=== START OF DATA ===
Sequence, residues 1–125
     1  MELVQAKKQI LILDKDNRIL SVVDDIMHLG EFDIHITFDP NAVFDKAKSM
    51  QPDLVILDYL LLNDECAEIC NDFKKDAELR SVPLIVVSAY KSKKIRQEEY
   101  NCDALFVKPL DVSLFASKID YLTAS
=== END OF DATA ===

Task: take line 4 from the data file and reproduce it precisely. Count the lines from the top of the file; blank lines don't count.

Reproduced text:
   101  NCDALFVKPL DVSLFASKID YLTAS